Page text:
Use this URL to cite or link to this record in EThOS: http://ethos.bl.uk/OrderDetails.do?uin=uk.bl.ethos.574469
Title: Exercise environment and physical activity in children and adolescents
Author: Wood, C.
Awarding Body: University of Essex
Current Institution: University of Essex
Date of Award: 2012
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Abstract:
The majority of UK children and adolescents are not meeting physical activity (PA) recommendations, despite the benefits for physical and psychological health (PH). Natural environments facilitate PA and in adults performing PA whilst exposed to nature ('green exercise') results in additional benefits for PH. However, the effects of exercise environment have not been extensively studied in children and adolescents. The primary aim of this study was to examine the effect of exercise environment on the time spent in moderate to vigorous PA (MVPA) in children and adolescents. The secondary aim was to determine whether green exercise provides additional benefits for PH. Due to variation in PA patterns and opportunities for contact with nature, children and adolescents were examined separately. For children, accelerometers (ACCs) determined whether school playtime (SP) on the field and participation in nature- based interventions lead to greater MVP A than play on the playground and participation in playground-based interventions. A child version of Rosenberg's Self- esteem Scale (RSES), developed and reported in this thesis, examined the effect of the environmental conditions on self-esteem (SE). In adolescents, heart rate (HR) examined and compared the effect of indoor and outdoor environments on MVP A, whilst ACCs assessed the influence of acute exposure to urban and rural environments on P A. RSES and the adolescent profile of mood states (POMS-A) questionnaire compared the effect of the environments on SE and mood. In both children and adolescents, results indicated that natural environments led to higher levels of MVP A. No additional benefits for PH were provided by performing PA in natural environments. Unlike in adults, the current generation of youth do not seem to be connected to nature in a way that allows it to influence their PH. Nature can be used to promote PA in children and adolescents and should thus be incorporated into everyday routines.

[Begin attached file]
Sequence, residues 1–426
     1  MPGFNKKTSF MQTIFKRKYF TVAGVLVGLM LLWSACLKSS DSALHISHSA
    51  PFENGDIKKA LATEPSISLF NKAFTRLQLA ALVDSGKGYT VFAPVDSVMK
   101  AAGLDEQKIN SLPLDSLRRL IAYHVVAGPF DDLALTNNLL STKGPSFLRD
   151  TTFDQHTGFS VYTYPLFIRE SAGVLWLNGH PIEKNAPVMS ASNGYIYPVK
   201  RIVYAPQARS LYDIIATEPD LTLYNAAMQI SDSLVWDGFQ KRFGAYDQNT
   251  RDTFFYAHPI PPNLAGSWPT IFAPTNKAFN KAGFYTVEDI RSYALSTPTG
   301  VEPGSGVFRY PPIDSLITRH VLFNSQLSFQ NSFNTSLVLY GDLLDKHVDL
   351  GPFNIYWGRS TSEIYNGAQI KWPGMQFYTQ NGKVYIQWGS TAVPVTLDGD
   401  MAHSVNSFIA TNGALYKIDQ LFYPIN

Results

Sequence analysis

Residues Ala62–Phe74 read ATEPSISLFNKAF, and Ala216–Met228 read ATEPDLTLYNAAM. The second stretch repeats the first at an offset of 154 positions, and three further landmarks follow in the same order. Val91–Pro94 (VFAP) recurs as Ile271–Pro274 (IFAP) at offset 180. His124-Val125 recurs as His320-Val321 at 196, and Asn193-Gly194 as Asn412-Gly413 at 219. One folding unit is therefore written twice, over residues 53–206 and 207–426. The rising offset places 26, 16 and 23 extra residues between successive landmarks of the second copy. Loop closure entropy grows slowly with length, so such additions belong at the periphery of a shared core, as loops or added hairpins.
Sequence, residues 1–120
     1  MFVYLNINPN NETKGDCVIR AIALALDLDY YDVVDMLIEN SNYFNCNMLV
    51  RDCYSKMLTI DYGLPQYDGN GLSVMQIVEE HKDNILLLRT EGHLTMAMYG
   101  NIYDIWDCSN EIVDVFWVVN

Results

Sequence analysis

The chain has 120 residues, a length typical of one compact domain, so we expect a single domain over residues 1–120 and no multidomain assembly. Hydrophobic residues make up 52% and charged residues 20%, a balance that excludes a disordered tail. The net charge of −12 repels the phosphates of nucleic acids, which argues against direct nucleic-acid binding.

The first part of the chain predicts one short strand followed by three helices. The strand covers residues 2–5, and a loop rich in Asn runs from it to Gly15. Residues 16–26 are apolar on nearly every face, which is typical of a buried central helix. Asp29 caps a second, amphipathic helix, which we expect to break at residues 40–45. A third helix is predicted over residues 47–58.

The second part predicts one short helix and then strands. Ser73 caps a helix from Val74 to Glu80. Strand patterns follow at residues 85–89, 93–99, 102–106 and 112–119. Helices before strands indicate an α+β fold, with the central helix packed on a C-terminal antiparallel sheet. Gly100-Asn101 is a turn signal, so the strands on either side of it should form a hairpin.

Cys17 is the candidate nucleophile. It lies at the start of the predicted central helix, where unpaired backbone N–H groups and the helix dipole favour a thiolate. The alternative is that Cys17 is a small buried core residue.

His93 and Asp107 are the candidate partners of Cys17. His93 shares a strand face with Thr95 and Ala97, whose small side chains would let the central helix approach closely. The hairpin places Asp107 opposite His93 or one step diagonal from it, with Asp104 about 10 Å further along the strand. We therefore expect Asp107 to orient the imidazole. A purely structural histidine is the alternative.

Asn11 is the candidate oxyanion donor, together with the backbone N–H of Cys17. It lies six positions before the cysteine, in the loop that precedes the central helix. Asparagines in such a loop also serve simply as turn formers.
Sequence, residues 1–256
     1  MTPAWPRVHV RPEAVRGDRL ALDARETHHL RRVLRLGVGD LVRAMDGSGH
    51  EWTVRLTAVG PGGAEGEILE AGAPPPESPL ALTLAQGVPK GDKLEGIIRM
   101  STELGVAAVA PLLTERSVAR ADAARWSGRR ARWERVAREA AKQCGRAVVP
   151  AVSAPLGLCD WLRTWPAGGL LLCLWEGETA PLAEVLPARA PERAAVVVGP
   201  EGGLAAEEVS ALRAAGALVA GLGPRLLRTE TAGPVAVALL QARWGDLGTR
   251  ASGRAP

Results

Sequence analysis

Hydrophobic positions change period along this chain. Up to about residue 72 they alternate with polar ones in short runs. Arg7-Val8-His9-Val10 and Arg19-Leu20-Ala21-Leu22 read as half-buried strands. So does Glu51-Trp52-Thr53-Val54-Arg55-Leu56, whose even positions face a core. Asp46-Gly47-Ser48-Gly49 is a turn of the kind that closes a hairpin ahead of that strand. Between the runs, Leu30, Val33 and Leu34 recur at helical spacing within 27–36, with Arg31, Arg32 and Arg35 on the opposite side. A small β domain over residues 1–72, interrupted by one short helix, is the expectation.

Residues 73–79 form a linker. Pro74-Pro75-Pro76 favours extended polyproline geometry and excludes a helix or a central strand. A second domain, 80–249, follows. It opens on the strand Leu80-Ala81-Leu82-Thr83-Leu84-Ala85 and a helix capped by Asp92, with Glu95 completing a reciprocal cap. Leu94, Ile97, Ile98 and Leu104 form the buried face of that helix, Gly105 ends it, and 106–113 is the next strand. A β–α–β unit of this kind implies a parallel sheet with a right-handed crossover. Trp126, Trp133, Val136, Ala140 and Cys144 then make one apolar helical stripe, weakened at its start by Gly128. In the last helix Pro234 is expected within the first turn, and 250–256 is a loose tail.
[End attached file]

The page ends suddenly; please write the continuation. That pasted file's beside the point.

Supervisor: Not available Sponsor: Not available
Qualification Name: Thesis (Ph.D.) Qualification Level: Doctoral
EThOS ID: uk.bl.ethos.574469  DOI: Not available
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